Have you heard enough about the stupid Brood X cicadas? I have.
I mean, one story saying, “Hey, it’s the year when this one big bunch of cicadas will be out and buzzing” would have done me. A take-note-of kind of thing. Although it would not have hurt my feelings not to have even that one story, because when the cicadas come, I can hear them.
And that’s the thing. I keep seeing, and hearing (via NPR One) all this coverage. But I haven’t heard, much less seen, any big noisy bugs. I’m hearing a lot more from bullfrogs this year than I have in recent years. I hear them in the evenings near the two lakes in my neighborhood. It’s nice that we’re hearing from them, because I’d been kind of worried about them.
But I haven’t noticed any cicadas. Or if I have, they’ve blended into the background, so they’re not at a volume that would demand attention.
But let me try to read any of the national newspapers or magazines to which I subscribe, on any day, and I see as much coverage of these bugs as I do the insurrection in Washington on Jan. 6. Here are headlines from just one of those publications — The Washington Post — in the past week.
So as you see, I’m not making this up. We are subjected to an actual plague of cicada stories. Throw this many cicada stories at Pharaoh, and he’d have let Moses’ people go in a skinny minute.
You’ll note that a bunch of them are about humans eating cicadas. Something that, again, if you must tell me, once would suffice. For awhile, the great fad was tongue-in-cheek features that pretended cicadas were intelligent beings who needed to be brought up on all the news they’d missed over the last 17 years. Which, again, was a mildly cute concept maybe once. Here’s one of those, from that same paper. Here’s another from elsewhere. And another. Oh, and yet another. I’ll stop now…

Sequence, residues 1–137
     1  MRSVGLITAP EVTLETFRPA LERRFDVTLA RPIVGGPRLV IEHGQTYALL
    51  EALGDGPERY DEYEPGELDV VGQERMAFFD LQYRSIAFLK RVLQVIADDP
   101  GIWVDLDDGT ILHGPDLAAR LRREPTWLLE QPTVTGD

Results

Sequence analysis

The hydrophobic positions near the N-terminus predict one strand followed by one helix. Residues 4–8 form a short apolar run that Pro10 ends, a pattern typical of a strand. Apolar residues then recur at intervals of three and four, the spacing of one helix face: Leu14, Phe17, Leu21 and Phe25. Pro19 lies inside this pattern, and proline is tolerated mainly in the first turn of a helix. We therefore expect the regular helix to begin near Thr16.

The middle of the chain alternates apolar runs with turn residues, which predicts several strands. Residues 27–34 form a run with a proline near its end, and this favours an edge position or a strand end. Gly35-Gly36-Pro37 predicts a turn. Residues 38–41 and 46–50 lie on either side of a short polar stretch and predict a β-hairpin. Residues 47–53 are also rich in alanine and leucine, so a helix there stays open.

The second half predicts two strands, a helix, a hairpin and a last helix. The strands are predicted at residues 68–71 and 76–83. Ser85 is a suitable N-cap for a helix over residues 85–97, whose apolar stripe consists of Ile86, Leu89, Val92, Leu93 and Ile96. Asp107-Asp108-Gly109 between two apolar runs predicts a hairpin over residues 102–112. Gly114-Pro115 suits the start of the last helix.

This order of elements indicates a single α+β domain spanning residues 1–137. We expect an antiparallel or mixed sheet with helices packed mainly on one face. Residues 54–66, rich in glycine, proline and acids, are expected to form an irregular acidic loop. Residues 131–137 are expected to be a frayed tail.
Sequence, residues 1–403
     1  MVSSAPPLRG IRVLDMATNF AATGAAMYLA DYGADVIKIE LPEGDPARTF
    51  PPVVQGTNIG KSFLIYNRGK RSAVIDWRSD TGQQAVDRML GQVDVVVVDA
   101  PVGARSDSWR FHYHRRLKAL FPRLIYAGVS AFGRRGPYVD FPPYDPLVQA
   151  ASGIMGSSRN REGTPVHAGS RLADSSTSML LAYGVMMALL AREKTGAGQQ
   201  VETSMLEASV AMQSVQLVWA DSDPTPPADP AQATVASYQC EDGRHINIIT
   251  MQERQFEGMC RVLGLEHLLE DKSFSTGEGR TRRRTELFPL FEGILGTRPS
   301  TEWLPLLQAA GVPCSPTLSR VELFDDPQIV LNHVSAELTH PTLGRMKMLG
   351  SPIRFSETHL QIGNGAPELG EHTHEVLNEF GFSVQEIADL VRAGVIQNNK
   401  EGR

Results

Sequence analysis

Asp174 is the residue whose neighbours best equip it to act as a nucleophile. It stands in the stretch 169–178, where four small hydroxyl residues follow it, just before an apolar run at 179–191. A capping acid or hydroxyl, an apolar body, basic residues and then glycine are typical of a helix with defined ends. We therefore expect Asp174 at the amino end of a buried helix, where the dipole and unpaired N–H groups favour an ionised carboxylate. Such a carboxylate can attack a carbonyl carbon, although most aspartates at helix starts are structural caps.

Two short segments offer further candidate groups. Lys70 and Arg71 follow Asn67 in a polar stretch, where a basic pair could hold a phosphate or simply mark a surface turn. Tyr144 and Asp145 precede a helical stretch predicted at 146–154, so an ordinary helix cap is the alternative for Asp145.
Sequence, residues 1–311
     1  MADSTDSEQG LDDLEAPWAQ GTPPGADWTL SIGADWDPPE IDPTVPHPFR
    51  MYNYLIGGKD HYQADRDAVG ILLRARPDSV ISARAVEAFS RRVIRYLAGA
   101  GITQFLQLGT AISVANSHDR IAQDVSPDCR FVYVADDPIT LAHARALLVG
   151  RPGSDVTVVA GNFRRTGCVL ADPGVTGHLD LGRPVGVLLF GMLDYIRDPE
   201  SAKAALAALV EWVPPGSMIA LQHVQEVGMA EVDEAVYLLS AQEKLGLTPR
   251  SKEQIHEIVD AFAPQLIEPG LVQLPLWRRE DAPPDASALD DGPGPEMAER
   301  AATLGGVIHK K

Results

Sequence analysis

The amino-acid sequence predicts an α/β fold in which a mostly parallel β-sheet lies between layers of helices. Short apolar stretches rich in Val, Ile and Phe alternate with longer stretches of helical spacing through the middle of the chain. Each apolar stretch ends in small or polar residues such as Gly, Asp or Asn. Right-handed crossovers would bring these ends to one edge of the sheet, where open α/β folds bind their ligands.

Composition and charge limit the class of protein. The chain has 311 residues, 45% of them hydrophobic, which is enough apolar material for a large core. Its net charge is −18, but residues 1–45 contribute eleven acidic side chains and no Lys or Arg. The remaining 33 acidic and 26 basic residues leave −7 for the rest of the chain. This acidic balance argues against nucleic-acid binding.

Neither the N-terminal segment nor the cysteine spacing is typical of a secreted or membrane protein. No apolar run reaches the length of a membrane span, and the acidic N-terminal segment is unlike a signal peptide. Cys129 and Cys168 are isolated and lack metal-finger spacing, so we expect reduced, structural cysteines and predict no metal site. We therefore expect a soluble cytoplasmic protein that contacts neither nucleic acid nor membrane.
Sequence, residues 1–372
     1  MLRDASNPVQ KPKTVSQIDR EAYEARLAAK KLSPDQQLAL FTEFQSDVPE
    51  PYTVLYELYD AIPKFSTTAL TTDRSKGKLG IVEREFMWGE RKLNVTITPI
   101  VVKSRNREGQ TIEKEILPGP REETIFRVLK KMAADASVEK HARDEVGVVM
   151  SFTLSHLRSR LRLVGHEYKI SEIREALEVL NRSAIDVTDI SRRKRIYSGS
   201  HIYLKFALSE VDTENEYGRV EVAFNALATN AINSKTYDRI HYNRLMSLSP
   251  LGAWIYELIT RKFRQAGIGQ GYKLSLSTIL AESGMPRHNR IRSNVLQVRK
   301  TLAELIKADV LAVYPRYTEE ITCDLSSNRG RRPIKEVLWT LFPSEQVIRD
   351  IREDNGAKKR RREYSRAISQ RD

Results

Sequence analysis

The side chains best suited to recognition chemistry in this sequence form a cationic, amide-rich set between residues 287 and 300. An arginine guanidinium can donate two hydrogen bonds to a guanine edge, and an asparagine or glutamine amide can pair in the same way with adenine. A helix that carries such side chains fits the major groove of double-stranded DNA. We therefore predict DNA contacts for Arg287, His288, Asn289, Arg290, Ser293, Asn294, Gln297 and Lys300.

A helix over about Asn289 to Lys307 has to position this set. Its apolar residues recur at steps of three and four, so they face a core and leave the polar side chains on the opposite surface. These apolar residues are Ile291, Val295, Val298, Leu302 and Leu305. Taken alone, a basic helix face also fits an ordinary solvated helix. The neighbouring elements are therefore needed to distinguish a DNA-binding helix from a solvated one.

So again, I’m wondering, Where are these blasted bugs?
The answer, apparently, is not here. I found this in a newspaper in Ohio, which apparently is Cicada Central. Or at least it’s next door to Cicada Central, which is Indiana.
The story said that mainly, this is where you’d find them:
- The southeast corner of Pennsylvania, almost all of Maryland, parts of Delaware and New Jersey, and a few areas in New York.
- Ohio, almost the entire state of Indiana, a few areas in eastern Illinois, and northwest and eastern parts of Kentucky.
- Western North Carolina, east Tennessee and a scattering around west Tennessee and the northern part of Georgia.
So not here. Our own cicadas won’t emerge until 2024. So now you may ignore this blog post, and all those other stories…